name examples of this left and right. I have people look at me in
          absolute amazement when they find out that I walk a mile home from
          work at midnight.

          Some people see automobile use as a modern necessary--like wearing
          clothes. These same people will see a carfree city as some of us might
          see a nudist colony. If you move to a carfree city, do NOT be
          surprised if individuals and businesses initially refuse to visit you
          because they can't park right at your building.

          > I've been wondering how realistic it would be to get a huge group
          of
          > people together, with a diversity of skills, backgrounds,
          ethnicities,
          > knowledge, and with one commonality amongst all, the desire to live
          the
          > car free life in a city as proposed by Joel? I've been wondering
          for
          > along time and decided to shoot my mouth off to see what kind of
          > responses I'd get to that question.
          >
          > I suppose the question has a lot of other loaded questions, tons,
          like
          > which country, organized by who, what climate, who would finance
          it,
          > those moving there? How would we be granted a system of local
          > government that would be a sufficient way for locals to govern
          > themselves? So many questions.
          >
          > Aside from my desire to live in the car free world, developing
          Joel's
          > ideal city would set an example for the rest of the world as to how
          > things are without cars. I imagine tourism, as in Venice, would be
          a
          > major industry.
          >
          > Rob Hines
          > 104-165 Lowther Ave
          > Toronto ON M5R 1E5
          > robhines@m...
          > 416.944.3856
        • Rob Hines
          I like the idea of picking an existing city location I have to say. Making this place carfree is dependent upon enough car-free minded people moving there,
          Message 4 of 19 , Oct 3, 2002
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            I like the idea of picking an existing city location I have to say.
            Making this place carfree is dependent upon enough car-free minded
            people moving there, this is where I think the database could come in
            handy. What is the vacancy rate in the Plateau?

            A project will be presented to remove car traffic from Mont-Royal
            avenue in
            > Montreal. As you will see in the following link
            > "www.montroyal-avenueverte.com", already 15,000 people signed a
            > petition to
            > eliminate cars from that street. I'm pretty confident many people from
            > those
            > who sign would be willing to remove cars from a significant
            > residential part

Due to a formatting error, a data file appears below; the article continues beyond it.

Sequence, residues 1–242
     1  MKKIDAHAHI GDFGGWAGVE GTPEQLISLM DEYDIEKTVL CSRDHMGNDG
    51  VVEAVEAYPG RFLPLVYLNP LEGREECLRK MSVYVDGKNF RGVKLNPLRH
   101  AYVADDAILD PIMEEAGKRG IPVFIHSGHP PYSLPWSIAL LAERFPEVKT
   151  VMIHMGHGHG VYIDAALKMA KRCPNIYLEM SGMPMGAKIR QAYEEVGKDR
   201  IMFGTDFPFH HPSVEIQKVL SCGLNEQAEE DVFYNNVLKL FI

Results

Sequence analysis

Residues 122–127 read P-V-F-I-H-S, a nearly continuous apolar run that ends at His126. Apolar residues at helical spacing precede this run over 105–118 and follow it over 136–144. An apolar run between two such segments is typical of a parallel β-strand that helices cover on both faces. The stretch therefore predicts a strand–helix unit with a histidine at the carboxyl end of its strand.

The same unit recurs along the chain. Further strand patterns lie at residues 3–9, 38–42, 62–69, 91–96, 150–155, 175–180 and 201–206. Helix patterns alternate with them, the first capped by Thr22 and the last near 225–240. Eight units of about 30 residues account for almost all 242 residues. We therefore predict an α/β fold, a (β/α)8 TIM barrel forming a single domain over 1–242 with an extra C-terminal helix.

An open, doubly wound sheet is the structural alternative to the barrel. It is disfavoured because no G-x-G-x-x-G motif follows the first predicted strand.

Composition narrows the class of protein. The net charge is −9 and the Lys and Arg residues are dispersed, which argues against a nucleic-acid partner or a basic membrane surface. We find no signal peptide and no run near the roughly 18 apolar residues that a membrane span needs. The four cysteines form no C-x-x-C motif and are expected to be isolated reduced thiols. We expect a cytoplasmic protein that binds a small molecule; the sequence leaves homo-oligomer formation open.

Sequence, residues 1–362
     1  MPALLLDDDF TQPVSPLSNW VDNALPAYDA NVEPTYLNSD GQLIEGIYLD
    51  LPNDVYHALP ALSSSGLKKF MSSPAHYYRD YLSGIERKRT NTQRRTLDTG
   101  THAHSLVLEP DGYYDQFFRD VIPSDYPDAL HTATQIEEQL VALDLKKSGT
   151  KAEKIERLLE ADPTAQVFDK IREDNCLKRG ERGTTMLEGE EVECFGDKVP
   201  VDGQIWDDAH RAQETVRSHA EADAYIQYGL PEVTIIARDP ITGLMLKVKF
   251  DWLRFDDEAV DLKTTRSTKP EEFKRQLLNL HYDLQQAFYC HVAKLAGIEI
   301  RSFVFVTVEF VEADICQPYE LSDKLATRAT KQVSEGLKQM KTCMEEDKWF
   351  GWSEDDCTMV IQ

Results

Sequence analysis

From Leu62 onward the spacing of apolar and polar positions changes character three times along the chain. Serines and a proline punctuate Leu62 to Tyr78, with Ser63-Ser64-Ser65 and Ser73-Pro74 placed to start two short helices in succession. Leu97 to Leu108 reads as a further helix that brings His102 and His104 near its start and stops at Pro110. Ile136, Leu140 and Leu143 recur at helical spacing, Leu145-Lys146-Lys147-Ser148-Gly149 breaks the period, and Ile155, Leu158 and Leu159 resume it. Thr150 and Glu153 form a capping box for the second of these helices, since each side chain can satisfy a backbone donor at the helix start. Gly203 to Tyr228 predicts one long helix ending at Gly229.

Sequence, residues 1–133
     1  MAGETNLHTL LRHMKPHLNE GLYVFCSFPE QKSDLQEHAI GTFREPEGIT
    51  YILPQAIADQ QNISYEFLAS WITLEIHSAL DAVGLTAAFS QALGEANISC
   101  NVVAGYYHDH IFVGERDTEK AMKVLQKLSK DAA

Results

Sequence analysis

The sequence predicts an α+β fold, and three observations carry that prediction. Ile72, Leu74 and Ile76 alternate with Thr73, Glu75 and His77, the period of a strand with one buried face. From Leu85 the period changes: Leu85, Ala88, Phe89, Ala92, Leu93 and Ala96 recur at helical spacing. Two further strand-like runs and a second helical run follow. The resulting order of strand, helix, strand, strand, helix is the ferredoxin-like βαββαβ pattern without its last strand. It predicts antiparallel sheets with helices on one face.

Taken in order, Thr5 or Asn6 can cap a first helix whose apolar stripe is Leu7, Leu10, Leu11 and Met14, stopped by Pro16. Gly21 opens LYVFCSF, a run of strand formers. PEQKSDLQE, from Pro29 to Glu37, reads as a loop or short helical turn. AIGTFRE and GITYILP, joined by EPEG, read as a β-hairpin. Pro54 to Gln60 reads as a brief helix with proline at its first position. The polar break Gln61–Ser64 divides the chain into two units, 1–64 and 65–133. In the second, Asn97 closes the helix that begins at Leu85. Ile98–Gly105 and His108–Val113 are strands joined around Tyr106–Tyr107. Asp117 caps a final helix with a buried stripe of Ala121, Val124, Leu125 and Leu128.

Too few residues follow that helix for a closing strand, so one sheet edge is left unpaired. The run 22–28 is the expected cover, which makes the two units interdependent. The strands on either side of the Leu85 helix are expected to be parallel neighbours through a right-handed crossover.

> of that neighborhood: not only from that street.
            >
            > Could we all together form a "Critical Mass"?
            > We would still need to find a solution to freight transport: how to get
            > merchandises to the many businesses and shops. There could be a
            > dedicated
            > railed avenue to move freight as close as possible, then it could be
            > transported to destination by carts or cargo bikes.
            >
            > This is different from the other proposals in this forum, as we
            > wouldn't
            > start from scratch, but from a dense neighbourhood, where a large
            > amount of
            > people live carfree, but still suffer from congestion and burden of car
            > traffic in the environment.
            >
            > Downtown underground (carfree) city is accessible by metro. We could
            > claim
            > jobs are already available a few metro stops away remaining in a
            > carfree
            > area. The weakness I see though is although business are accessible,
            > they
            > wouldn't actively take part of the carfree city, unless of course they
            > agree
            > to turn part of downtown core carfree on surface streets.
            >
            > For leisure and nature, we'd need to make a carfree link to walk to
            > Mount-Royal mountain, which is not that far from residential areas.
            >
            > Well, this is simply a thought for me now, but if Mont-Royal becomes
            > carfree, that may be taken as a basis, a core, a first step towards a
            > real
            > carfree city project.
            >
            > I circulated the petition in my office floor this month, and will
            > submit it
            > next week.
            >
            > Louis-Luc
            >
            >
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            >
            >
            Rob Hines
            104-165 Lowther Ave
            Toronto ON M5R 1E5
            robhines@...
            416.944.3856